The new coronavirus has forced many state legislatures to suspend their sessions or shift focus away from anticipated data privacy legislation.
“There was a significant tide of activity in many states,” Glenn Brown, of counsel at Squire Patton Boggs in Atlanta, said.
New Jersey, for example, has the New Jersey Disclosure and Accountability Transparency Act floating through the Legislature, which would require a business to get consent from consumers before selling their personal data. Nevada lawmakers introduced a similar bill in February 2019, SB 220, which would prohibit the operator of a website or online service from selling consumer information if the consumer opts out of the sale of that information.
Experts say the California Consumer Privacy Act is what in-house counsel and their companies should be focusing on to prepare for what lies ahead at the state level when the pandemic is over.
“In the online space, any given state law can easily become a de facto national standard,” Jim Shreve, a partner at Thompson Coburn in Chicago, said.
The CCPA requires that companies that do business in California allow consumers to opt into the collection and sale of data and provides for a private right of action over data breaches. The law applies to any company that does business in California and has personal information of a California resident. Enforcement for the CCPA is slated to begin in July despite calls from trade organizations to push the enforcement date to 2021 because of COVID-19.
“Failure to comply will be investigated and enforced. Since that is the case, it behooves companies to focus on compliance and will put them in a better position when other bills are signed into law,” Brown said.
Jean-Marc Chanoine, an account executive and legal counsel at Templafy in New York, said the CCPA can act as a good template for companies going forward.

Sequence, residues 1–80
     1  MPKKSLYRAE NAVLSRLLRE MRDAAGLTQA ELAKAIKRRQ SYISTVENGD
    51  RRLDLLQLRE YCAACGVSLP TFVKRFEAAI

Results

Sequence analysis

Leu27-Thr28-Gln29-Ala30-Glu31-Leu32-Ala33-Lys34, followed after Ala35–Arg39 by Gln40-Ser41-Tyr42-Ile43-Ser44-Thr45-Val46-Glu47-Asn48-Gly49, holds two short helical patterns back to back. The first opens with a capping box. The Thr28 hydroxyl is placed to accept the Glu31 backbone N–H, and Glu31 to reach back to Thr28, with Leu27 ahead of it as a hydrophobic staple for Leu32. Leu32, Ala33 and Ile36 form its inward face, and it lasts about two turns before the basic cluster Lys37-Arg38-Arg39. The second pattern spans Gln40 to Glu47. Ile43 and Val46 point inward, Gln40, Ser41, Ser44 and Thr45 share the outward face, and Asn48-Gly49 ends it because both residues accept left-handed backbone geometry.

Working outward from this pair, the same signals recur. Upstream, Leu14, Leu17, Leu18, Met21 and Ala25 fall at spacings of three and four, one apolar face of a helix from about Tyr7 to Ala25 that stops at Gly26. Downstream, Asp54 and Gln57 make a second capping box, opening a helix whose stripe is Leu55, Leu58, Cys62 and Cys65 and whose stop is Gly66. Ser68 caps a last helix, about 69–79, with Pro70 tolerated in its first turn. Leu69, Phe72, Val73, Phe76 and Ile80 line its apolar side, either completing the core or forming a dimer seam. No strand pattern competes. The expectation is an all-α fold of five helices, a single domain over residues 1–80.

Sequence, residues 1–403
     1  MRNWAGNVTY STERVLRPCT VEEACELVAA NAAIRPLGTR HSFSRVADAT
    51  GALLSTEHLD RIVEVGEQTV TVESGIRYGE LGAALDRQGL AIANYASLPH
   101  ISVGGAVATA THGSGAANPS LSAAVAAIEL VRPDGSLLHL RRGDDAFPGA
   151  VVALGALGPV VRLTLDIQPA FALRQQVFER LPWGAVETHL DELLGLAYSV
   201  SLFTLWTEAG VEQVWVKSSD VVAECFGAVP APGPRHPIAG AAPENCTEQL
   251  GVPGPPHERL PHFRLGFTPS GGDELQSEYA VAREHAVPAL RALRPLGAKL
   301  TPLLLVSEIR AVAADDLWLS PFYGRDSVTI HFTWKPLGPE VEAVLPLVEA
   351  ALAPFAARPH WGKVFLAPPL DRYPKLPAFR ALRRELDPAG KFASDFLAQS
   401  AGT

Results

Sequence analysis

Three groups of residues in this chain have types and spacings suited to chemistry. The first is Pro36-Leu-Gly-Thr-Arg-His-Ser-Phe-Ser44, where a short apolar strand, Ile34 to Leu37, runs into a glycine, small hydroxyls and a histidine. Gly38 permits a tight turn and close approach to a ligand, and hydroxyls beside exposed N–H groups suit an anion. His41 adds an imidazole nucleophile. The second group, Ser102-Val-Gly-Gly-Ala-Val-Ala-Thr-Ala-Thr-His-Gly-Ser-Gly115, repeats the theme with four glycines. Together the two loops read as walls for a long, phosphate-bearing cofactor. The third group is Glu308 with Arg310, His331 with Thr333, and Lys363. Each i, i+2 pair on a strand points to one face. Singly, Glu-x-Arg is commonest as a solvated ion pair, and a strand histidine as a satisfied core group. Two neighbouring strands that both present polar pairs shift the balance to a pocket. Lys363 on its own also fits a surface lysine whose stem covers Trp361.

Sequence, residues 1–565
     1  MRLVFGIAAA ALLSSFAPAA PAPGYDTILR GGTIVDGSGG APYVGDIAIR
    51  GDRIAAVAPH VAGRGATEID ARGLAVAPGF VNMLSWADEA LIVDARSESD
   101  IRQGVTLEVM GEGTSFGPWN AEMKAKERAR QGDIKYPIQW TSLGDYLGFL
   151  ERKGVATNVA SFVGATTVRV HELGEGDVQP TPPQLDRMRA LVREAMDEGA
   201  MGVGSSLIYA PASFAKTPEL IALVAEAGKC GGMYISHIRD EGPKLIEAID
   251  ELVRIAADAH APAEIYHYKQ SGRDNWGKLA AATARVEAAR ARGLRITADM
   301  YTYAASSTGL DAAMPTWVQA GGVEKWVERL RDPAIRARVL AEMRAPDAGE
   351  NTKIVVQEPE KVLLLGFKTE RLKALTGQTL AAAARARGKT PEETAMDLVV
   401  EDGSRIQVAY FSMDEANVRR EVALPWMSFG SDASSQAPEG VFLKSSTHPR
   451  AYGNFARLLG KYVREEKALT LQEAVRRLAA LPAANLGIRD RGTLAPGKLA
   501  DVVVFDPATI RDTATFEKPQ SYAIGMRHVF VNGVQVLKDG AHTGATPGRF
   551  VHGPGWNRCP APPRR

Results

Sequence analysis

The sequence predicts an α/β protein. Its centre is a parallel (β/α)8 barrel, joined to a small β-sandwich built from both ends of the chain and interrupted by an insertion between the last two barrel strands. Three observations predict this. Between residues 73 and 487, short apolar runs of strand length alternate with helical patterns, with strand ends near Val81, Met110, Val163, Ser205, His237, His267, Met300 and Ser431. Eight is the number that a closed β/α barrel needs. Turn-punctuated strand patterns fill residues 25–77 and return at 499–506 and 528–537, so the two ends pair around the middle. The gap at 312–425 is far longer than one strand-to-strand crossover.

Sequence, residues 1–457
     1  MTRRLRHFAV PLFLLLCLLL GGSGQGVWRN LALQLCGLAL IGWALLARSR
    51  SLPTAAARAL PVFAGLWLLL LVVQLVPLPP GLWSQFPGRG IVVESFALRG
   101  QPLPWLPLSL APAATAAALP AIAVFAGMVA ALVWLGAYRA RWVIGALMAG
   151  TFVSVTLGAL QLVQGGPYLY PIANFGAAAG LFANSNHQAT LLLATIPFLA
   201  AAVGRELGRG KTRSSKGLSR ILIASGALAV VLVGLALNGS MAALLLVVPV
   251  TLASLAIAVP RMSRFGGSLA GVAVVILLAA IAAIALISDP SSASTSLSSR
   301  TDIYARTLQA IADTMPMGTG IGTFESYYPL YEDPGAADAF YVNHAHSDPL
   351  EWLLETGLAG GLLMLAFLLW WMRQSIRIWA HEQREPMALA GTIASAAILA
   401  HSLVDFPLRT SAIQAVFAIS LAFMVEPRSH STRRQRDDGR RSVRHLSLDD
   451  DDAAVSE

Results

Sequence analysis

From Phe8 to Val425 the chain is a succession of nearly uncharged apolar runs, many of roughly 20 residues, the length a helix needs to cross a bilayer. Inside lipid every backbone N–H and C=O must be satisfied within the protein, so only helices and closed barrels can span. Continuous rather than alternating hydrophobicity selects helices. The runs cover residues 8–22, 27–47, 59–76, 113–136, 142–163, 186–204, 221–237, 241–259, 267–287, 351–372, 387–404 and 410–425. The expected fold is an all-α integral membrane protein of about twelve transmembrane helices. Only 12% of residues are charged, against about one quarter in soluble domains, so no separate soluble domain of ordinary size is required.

“What you’re going to find is state legislatures are going to take the CCPA and edit it. Some parts of that may become stricter and you have to be able to think ahead,” Chanoine said. “You have to be able to think ahead and get the right stuff in place.”
Chanoine said that since many global organizations already have remote capabilities, they should be able to prepare for data privacy laws remotely without much trouble.
What could be added
In the realm of cybersecurity and data privacy, lawmakers may also have their eyes on issues that have emerged from the pandemic. Shreve said he would expect lawmakers to look at how companies are using geolocation.
“In response to the pandemic, some people have urged the geolocation tracking of those who have COVID-19. This creates potential privacy issues and state legislatures may again seek to regulate the collection and use of location data,” Shreve said.
He also said lawmakers may begin looking at online services that companies are using, especially meeting applications such as Zoom, where privacy issues have arisen during the course of the pandemic.
“That can put employers and companies in a difficult position,” Shreve said. “The company may not be aware that the service provider has access to their data and is not able to scrutinize them.”
Shreve said he would expect states to legislate those online service providers directly rather than legislate how companies use those services.